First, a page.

These results suggest that there may be an association between these polymorphic storage protein isoforms and peanut subspecies fastigiata (Spanish type) and hypogaea (runner type). The polymorphic protein peptides distinguished by 2-D PAGE could be used as markers for identification of runner and Spanish peanuts.
There is considerable variation in Arachis hypogaea L. subspecies hypogaea and fastigiata Waldron, which are further classified into four market types including runner, Virginia, Spanish, and Valencia . Most cultivated peanuts belong to Spanish and runner types. They exhibit genetically-determined variation for a number of botanical and agronomical traits including branching and flowering habits, seed dormancy, and maturation time. However, there are few categorical criteria for distinguishing subspecies because of the limited detectable molecular polymorphism. Recently, several molecular approaches have been employed to assess genetic diversity and taxonomic relationships. Among them are isozymes , restriction fragment length polymorphisms (RFLP), random amplified polymorphisms (RAPD), amplified fragment length polymorphisms (AFLP), and simple sequence repeats (SSR) [3–6]. However, very little genetic polymorphism between the two subspecies was detected. Singh et al. [7, 8] and Bianchi-Hall et al.  found very limited or no variation among cultivated peanut based on seed protein profiles.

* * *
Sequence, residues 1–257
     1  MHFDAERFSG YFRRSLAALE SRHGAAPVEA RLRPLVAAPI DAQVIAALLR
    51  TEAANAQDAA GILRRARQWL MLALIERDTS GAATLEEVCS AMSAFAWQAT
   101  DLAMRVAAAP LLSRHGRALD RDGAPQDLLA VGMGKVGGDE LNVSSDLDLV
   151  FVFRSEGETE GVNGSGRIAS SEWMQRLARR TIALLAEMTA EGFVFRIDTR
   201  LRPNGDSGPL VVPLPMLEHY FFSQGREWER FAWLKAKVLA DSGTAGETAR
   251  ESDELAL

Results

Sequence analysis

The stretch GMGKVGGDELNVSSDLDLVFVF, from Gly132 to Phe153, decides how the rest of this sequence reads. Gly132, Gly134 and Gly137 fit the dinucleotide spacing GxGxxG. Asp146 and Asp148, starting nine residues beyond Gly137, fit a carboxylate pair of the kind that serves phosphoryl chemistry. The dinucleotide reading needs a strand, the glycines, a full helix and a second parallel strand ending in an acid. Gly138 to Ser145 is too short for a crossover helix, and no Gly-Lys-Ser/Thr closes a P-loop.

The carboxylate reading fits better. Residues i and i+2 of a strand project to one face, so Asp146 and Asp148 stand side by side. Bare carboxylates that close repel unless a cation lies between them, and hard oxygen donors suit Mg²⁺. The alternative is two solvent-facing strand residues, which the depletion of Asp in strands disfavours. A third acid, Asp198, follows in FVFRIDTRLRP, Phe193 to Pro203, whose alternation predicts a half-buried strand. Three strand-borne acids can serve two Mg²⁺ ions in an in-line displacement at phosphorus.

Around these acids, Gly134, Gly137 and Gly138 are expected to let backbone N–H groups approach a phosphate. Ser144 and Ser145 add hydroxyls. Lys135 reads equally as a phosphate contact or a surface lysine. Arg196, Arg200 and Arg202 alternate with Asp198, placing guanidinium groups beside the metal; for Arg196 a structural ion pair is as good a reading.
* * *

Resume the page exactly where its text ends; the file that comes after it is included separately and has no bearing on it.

To date, proteomic analysis has proven to be the most powerful method for describing plant species and lines , and identification for proteins (especially protein markers) in complex mixtures. The strength of this method resides in high resolving power of two-dimensional PAGE (2D-PAGE), coupled with polypeptide sequencing by highly sensitive mass spectrometry (MS) such as electrospray ionization tandem mass spectrometry (ESI-MS/MS), and sequence homology search in databases .